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In 2020, Moderna made history by setting a new timeline record for developing a vaccine against COVID-19. Since then, CEO Stéphane Bancel has forged a controversial and sometimes contradictory path for the Cambridge, Mass.–based company. Bancel, a skilled fundraiser, has turned Moderna from a small biotech into a major player in efforts to vaccinate against infectious diseases. Under his guidance, Moderna is setting new standards with its mRNA Access program, in which the company’s scientists will share their knowledge, expertise, and licenses with teams in lower-resource countries. The aim is to develop mRNA vaccines targeting 15 diseases that pose the biggest public-health risks, including HIV and malaria. Moderna is also the first vaccine maker to waive its patent on the COVID-19 shot in countries receiving shots through a World Health Organization program. At the same time, Bancel is fighting for certain patent rights from the company’s collaborators at the National Institutes of Health over the COVID-19 vaccine, in an effort to retain as much of the anticipated $21 billion in sales from that shot this year.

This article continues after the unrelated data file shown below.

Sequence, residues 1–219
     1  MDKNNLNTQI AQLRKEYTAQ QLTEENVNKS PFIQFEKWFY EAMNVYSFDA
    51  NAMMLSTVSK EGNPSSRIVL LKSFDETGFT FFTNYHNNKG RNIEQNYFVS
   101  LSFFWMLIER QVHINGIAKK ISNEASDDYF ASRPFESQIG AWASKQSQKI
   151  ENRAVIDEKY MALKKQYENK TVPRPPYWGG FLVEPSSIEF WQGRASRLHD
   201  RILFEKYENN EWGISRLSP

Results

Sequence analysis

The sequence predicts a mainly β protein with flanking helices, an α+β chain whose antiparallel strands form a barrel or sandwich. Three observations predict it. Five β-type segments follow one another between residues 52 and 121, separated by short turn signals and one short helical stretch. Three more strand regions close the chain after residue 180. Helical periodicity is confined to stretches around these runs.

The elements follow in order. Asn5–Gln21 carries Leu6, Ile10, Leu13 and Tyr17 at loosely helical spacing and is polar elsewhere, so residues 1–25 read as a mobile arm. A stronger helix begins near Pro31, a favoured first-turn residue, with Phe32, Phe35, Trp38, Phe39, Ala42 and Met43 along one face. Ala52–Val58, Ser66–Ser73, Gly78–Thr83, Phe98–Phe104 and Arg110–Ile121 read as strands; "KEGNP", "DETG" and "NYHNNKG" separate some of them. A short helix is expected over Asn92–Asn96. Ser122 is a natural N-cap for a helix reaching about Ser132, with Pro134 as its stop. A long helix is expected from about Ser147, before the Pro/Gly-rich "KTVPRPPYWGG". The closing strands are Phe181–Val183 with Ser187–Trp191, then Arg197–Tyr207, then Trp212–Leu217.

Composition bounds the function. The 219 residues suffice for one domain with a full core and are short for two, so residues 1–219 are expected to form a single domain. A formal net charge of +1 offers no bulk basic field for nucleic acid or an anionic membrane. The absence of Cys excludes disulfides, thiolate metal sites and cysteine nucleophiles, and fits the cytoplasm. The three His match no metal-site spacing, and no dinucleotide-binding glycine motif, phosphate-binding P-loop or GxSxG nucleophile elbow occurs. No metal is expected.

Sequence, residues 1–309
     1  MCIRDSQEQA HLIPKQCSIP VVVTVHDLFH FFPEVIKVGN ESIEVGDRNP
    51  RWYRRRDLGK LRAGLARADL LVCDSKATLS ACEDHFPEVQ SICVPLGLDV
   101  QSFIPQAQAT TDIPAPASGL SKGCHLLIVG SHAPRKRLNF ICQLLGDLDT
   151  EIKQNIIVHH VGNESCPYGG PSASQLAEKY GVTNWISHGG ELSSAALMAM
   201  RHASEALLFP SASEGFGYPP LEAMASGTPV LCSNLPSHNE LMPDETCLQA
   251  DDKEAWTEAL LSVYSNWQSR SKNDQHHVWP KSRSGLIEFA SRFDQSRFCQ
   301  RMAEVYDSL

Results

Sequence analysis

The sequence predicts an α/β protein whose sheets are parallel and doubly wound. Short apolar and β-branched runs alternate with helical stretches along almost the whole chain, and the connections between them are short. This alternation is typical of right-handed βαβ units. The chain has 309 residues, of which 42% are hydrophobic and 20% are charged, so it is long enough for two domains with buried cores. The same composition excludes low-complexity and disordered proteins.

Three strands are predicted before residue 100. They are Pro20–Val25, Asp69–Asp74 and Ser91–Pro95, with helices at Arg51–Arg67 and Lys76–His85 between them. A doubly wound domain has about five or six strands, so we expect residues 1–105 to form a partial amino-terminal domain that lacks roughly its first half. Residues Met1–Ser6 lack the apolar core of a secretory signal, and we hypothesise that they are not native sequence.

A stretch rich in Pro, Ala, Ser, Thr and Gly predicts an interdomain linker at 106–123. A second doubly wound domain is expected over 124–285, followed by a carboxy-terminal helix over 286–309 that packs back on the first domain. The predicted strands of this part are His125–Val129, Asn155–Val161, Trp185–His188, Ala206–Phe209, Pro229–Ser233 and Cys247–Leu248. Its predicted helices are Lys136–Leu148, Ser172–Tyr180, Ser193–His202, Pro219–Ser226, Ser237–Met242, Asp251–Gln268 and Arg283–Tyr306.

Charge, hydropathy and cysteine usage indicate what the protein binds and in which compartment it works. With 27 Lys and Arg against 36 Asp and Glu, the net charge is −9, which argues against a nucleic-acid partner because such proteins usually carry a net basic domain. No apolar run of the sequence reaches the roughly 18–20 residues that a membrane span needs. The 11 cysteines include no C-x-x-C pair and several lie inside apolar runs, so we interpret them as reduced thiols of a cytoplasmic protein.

Park is a TIME senior correspondent

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